In “The Necklace,” the Loisels get the money to buy a new diamond necklace from both an inheritance left to Mathilde’s husband and from taking out various loans, which they spend a decade working to repay.
How did the Loisels pay for the replacement necklace?
Madame Loisel contributed to the cost of the new necklace by dismissing her servant, moving into a cheaper apartment, and doing all of the household chores by herself. … At the end of the story, Madame Loisel discovered that Madame Forestier’s necklace was an imitation that was only worth five hundred francs.
How did the Loisels repay the loan?
The Loisels had to buy a diamond necklace for thirty-six thousand francs to replace the one that was lost. Matilda had to cut down on the household expenses and save money while Mr Loisel worked overtime and did copying work at nights. In this way, they could repay the money in ten years.
Why were the Loisels allowed to buy the new necklace for less than the asking price?
The Loisels were able to buy the necklace for less because the jewelry store owner was interested in making bargains since the necklace was not worth his asking price. … They went to the jeweler whose case the necklace was in, and he said the case was his but the necklace was not.
Why is Madame Loisel unhappy with her life at the beginning of the story?
Madame Loisel is unhappy with her life because she was born poor when she feels as if she should have been rich. Madame Loisel is a middle class woman, who for some reason feels that she should have been a wealthy woman. She was born “as if by a slip of fate” into a family of clerks instead of the upper society.
How did the couple get the money to pay for the replacement necklace?
Mathilde tells Madame Forestier that she lost her diamond necklace 10 years ago after the fancy party and had to buy a new one to replace it. … She spends years doing heavy housework to earn moeny to pay back the money she and her husband borrowed to pay to replace the expensive lost necklace.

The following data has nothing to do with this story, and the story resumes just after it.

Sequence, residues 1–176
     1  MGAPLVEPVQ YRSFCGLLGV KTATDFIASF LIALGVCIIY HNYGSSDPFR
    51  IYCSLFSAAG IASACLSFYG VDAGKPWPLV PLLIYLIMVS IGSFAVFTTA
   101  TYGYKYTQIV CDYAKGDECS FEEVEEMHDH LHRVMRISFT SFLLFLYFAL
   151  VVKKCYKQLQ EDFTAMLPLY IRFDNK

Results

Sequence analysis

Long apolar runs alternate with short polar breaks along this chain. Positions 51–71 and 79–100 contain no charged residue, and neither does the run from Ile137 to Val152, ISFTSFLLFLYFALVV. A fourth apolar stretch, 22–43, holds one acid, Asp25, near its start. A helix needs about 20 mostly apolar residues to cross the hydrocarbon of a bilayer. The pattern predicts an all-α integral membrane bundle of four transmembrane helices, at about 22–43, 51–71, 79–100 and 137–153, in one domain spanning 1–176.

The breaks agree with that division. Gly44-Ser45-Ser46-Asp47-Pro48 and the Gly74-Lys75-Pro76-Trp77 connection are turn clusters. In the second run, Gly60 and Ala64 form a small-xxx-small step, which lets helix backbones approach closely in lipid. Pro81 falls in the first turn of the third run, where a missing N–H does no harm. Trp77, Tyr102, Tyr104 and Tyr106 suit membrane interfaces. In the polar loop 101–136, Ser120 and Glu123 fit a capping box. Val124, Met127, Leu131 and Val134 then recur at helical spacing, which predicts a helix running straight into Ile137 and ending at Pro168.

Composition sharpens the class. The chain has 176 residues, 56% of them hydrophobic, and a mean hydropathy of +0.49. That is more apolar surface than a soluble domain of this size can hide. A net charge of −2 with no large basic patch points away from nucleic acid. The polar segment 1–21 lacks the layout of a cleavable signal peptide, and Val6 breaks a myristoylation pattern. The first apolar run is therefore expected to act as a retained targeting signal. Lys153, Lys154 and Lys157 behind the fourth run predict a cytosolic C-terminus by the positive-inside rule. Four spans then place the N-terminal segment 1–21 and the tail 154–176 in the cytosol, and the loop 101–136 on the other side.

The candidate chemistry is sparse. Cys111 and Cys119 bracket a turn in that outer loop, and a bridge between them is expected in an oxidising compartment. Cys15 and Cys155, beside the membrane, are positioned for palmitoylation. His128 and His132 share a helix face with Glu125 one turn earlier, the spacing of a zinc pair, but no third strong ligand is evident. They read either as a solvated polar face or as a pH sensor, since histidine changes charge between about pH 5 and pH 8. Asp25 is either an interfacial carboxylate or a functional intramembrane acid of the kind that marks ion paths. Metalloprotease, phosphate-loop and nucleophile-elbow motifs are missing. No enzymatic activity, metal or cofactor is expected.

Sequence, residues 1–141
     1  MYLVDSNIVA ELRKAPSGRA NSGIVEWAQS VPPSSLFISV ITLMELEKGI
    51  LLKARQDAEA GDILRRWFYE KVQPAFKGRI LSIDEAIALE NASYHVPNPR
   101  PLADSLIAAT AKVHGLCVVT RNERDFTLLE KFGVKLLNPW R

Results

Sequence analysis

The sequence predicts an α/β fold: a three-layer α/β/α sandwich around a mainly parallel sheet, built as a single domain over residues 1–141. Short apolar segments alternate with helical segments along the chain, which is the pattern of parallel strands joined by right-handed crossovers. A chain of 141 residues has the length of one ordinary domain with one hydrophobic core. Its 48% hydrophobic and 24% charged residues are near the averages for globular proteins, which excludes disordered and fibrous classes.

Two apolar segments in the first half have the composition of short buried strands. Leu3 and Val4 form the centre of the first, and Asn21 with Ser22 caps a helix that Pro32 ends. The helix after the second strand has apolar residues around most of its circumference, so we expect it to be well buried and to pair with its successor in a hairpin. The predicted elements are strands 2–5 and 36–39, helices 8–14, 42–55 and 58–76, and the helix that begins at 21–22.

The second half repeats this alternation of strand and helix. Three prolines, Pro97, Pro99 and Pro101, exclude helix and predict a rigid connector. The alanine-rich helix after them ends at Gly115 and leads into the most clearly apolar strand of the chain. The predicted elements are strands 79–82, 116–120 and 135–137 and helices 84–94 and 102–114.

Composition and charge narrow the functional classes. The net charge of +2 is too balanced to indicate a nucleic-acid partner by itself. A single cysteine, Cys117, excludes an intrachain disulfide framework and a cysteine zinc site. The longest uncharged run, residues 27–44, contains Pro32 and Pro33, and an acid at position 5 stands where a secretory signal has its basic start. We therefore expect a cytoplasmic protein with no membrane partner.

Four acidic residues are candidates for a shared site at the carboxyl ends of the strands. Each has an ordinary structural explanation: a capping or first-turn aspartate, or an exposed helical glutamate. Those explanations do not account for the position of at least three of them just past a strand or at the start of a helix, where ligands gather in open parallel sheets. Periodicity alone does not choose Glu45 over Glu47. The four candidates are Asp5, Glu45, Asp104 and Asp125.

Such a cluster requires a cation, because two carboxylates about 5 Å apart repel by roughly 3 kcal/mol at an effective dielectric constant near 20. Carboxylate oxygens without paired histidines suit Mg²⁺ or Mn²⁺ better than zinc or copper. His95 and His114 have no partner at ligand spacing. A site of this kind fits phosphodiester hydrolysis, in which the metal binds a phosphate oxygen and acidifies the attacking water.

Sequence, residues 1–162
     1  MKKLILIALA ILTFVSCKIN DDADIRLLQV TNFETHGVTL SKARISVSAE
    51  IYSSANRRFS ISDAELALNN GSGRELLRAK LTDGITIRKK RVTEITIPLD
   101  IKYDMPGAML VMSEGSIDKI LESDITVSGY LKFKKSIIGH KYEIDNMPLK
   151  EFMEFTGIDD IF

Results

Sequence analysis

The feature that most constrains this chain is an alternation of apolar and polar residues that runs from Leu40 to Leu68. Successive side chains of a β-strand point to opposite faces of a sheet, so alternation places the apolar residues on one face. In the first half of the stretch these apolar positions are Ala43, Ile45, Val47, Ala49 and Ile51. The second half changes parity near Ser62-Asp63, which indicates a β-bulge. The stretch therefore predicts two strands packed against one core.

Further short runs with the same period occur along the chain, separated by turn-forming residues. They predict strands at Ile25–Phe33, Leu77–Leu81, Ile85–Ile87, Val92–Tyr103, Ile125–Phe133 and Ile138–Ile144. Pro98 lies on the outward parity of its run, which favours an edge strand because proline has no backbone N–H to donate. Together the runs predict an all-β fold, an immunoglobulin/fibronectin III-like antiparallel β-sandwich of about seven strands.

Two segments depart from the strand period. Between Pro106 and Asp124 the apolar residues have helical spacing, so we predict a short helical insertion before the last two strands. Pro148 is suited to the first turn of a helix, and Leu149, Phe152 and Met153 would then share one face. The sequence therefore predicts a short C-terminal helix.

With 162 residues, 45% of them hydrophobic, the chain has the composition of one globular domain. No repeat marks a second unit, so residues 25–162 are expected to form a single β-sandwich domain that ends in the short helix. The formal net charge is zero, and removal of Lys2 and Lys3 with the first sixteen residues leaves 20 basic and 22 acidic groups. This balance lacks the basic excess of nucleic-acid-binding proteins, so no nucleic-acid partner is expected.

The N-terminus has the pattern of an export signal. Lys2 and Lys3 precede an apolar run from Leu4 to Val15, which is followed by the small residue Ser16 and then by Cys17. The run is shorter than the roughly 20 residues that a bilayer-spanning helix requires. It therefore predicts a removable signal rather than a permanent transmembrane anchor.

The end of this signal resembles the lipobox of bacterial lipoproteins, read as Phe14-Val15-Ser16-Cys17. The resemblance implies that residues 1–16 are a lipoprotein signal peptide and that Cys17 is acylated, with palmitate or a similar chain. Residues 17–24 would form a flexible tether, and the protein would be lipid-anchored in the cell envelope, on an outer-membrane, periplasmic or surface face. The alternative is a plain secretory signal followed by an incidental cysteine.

What did the Loisels do to pay their frightful debt?
Answer: In the Guy de Maupassant short story “The Necklace,” Madame Loisel borrows an apparently expensive necklace from her friend Madame Forestier, and then loses it at the party that she attends. The Loisels immediately make arrangements to replace the necklace, borrowing 36,000 francs to buy a new one.
How many years did it take for the Loisel’s to pay back the loan?
Answer: The Loisels had to face ten years of hardships to repay the loan. They had to send their maid away and even change their lodgings.
Who does Madame Loisel blame for all her trouble?
Monsieur Loisel is to blame for the mess he got himself and his wife into. She would have had no way of borrowing so much money to replace the necklace. She has a hard enough time getting four hundred francs out of her husband to buy an evening gown.
What did the Loisels have to do after they bought the necklace?
Answer: The Loisels immediately make arrangements to replace the necklace, borrowing 36,000 francs to buy a new one. Even the pampered Madame Loisel pitches in to help pay off the huge debt. First, she fires her servant; then she and her husband move into a cheaper apartment; then she undertakes all of the housework.
Why were Loisel’s hardships unnecessary?
The external conflict that was proven unnecessary by the end of the story involved the Loisels’ distress over the loss of the borrowed necklace, their effort to replace it, their borrowing money for the replacement and then struggling for ten years to repay the borrowed money, and finally Mathilde Loisel’s finding out …
Why do you think Mme Forestier never contacts Mme Loisel after the return of the necklace?
Answer: Madame Loisel was terrified that her rich friend would examine the substitute necklace and discover that it was not the same one. That in itself would prevent Madame Loisel from contacting her friend again. And Madame Forestier had no special motive to condescend to contact Madame Loisel.
How does Madame Loisel treat her husband?
In “The Necklace,” Madame Loisel treats her husband with a sense of petulance, belittling his efforts to please her. She is unimpressed with the lifestyle that Monsieur Loisel provides for her, and she offers no pretense of satisfaction toward his efforts to furnish a comfortable life for her.
Why was Mme Loisel so angry and tortured?
She suffered from the poverty of her apartment, the shabby walls and the worn chairs. All these things tortured and angered her.
Why was the girl unhappy in the necklace?
She is upset because she does not have anything appropriate to wear. She is upset because she does not know how to act at a ball. She is excited because she always wanted to go to a ball. She is nervous because her ball gown is old and used.